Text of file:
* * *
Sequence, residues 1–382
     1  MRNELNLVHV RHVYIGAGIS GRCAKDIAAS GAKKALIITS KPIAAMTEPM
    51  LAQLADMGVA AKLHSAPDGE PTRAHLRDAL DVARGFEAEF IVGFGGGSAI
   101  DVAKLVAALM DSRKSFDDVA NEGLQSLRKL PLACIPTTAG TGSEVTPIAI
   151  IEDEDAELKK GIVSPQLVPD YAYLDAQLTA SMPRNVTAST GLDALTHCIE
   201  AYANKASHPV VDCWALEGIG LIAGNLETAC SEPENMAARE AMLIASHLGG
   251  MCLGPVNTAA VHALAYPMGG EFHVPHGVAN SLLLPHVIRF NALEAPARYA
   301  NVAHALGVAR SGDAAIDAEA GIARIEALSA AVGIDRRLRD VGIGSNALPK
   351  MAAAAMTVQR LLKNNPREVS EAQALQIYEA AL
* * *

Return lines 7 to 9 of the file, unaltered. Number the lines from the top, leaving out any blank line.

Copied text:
   251  MCLGPVNTAA VHALAYPMGG EFHVPHGVAN SLLLPHVIRF NALEAPARYA
   301  NVAHALGVAR SGDAAIDAEA GIARIEALSA AVGIDRRLRD VGIGSNALPK
   351  MAAAAMTVQR LLKNNPREVS EAQALQIYEA AL